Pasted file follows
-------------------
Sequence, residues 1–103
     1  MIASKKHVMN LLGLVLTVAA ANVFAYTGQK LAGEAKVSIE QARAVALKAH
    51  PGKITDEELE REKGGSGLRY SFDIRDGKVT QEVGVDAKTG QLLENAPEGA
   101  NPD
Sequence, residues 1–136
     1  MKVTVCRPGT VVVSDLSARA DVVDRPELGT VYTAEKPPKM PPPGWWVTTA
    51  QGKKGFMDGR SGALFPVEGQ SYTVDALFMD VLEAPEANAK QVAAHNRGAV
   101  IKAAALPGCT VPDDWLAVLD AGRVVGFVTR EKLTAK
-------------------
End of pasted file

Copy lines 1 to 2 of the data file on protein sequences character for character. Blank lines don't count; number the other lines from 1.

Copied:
Sequence, residues 1–103
     1  MIASKKHVMN LLGLVLTVAA ANVFAYTGQK LAGEAKVSIE QARAVALKAH